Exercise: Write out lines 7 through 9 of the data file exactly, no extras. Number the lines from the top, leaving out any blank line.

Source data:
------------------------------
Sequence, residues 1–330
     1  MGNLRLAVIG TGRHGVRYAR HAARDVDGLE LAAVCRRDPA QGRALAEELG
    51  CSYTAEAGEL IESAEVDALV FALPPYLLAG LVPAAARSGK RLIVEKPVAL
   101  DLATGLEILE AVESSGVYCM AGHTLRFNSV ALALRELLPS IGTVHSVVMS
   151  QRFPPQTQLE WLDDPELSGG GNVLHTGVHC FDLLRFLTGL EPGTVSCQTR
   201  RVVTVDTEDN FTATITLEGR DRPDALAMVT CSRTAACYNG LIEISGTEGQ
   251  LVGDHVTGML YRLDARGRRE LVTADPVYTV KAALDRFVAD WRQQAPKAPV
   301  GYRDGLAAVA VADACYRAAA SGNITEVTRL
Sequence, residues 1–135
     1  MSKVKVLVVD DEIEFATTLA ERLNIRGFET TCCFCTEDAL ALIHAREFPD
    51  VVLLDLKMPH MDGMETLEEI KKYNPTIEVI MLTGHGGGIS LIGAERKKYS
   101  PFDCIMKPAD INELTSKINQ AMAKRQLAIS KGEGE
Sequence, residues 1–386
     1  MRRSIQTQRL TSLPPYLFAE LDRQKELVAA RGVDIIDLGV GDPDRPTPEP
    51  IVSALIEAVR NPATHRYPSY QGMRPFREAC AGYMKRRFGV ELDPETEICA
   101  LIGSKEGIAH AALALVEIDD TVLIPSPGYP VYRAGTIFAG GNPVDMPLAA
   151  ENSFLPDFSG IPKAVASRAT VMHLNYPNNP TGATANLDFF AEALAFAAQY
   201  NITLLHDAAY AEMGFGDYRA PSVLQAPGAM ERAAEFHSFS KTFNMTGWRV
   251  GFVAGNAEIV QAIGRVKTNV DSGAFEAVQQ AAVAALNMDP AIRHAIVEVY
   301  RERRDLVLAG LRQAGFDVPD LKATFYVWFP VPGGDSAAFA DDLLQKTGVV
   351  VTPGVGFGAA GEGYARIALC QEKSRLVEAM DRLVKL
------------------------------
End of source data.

   251  LVGDHVTGML YRLDARGRRE LVTADPVYTV KAALDRFVAD WRQQAPKAPV
   301  GYRDGLAAVA VADACYRAAA SGNITEVTRL
Sequence, residues 1–135